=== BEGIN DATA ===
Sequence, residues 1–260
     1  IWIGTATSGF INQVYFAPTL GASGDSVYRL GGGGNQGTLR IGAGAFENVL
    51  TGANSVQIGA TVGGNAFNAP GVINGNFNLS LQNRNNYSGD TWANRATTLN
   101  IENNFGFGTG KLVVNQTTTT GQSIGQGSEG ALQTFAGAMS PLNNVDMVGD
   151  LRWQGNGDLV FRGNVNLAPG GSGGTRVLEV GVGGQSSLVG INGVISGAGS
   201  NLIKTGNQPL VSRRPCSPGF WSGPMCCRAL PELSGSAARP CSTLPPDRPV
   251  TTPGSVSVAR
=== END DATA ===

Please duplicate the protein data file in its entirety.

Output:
Sequence, residues 1–260
     1  IWIGTATSGF INQVYFAPTL GASGDSVYRL GGGGNQGTLR IGAGAFENVL
    51  TGANSVQIGA TVGGNAFNAP GVINGNFNLS LQNRNNYSGD TWANRATTLN
   101  IENNFGFGTG KLVVNQTTTT GQSIGQGSEG ALQTFAGAMS PLNNVDMVGD
   151  LRWQGNGDLV FRGNVNLAPG GSGGTRVLEV GVGGQSSLVG INGVISGAGS
   201  NLIKTGNQPL VSRRPCSPGF WSGPMCCRAL PELSGSAARP CSTLPPDRPV
   251  TTPGSVSVAR